I loved my dear old grandmother whom I called mamma as long as she lived. She was an invalid from the time I was born, but an incessant laborer. She despised anything which looked like laziness. Thus, there is no need to say I was taught to work in my earliest years. There was no other child in the home — except for a period of some months following the death of my aunt, when my little cousin came to live with us — thus I had to be both girl and boy. My duties ranged from “setting the table” to “slopping the pigs” at a very early age. This combination was even carried into my first days of school when at the age of four I wore a flannel dress. Otherwise I might have been well dubbed “all boy”.

We lived in the country in a big, old style house, but “mamma,” known to all the country side as “Aunt Mary”, was noted for her “well kept house”, so naturally her “only girl” had somewhat of a share in this. The “scouring mop” — made of shucks tightly drawn through augur holes in a heavy board with handle attached — was my Saturday companion. If I worked extra well I might be rewarded with a run down to the creek for an hour or two to fish. (More about fishing later on.)

The little one room school house located on “Bustin Town Hill” furnished the basic part of my educational attainments. Here they dubbed me a “good student”, but I was far from being free from faults and boyish pranks. It is true that I was ready to cry from shame when “turned down” in spelling, “set down” in a “spelling match,” or given 95 or less in an examination, but I was often far from the ideal.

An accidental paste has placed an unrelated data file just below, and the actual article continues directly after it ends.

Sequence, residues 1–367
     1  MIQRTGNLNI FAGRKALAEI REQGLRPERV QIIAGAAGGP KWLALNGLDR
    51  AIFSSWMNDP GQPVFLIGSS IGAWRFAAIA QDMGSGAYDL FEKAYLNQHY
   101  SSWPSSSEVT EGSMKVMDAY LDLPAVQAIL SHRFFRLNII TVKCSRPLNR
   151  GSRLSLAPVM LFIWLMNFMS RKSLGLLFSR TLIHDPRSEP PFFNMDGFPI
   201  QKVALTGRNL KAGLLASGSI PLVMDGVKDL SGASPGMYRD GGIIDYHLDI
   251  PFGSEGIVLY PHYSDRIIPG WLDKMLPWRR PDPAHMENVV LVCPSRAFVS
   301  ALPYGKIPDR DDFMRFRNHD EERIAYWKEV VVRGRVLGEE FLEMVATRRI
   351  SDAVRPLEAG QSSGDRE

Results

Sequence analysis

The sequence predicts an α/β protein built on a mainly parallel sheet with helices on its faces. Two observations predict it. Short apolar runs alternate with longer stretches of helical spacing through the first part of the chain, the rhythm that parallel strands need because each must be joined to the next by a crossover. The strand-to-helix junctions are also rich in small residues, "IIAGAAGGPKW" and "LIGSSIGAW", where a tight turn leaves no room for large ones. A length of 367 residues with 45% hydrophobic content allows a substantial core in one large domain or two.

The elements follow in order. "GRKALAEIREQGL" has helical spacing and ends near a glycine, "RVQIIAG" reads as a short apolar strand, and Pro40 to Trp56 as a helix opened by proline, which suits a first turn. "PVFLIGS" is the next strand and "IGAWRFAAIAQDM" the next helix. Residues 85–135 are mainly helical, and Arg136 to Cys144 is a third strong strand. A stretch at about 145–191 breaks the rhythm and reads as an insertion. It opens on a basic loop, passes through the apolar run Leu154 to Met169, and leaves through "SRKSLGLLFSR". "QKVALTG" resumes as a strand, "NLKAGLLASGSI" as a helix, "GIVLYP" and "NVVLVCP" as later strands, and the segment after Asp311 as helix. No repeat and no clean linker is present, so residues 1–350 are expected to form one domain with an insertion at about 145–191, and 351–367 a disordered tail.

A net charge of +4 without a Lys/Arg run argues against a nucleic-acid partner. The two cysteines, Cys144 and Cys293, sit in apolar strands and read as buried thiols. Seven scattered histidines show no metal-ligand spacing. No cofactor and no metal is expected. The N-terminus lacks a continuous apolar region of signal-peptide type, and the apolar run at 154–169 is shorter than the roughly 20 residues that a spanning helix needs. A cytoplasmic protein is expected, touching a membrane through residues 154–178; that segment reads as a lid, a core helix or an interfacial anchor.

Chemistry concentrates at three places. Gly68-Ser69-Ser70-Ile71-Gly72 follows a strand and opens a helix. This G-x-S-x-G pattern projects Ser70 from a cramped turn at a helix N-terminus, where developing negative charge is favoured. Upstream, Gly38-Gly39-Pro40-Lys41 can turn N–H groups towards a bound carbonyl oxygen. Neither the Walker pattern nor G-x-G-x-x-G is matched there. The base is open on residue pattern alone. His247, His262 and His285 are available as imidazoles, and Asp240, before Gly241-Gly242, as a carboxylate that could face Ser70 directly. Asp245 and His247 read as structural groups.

In this connection, well do I remember when I was about five years of age. We had a teacher by the name of Bob Kelley who boarded with us. One day a girl by the name of Beatrice was on the outs with me about something and went to Mr. Kelley and told him that I bit Tommy, her brother, on the arm. I was outraged by this lie. I informed the teacher that this was not true, for Tommy’s arm was “rusty” and I would not put my mouth on it, but the two of them declared it was so, thus I was beaten for both lying and biting. I then and there settled it in my heart that when I got “big enough” I would give Bob Kelley a “licking.” Incidentally upon arriving at young manhood I one day met Bob Kelley in the town of Forest, our county seat. I walked up to him and asked him if he knew me. He didn’t. I said, “I know you, and for many years have had a whipping laid up for you because you whipped me on a false charge of biting a boy with a dirty arm, but the Lord saved me a few weeks ago, so I am going to let you off.”

Like most other boys, perhaps, I wanted to do whatever I saw other people do. “Mamma” one time permitted me to go to a circus, though it was really against her conviction of what was right. Among other things I saw a man dive from a tower upon a springing mat and was unhurt. I thought this would be a good “show” to put on for my schoolmates who had not seen this. There was no springing mat available, but it was decided that we could heap up a great quantity of pine straw underneath a tree. This we did from time to time, then came the hour for the leap, or dive rather, from far up on a limb of the tree. In high spirits I climbed the tree, then came the dive for the entertainment of my audience. Nothing but the mercy of God, prevented my neck from being broken. I arose and limped away — a wiser boy, and yet not cured from folly.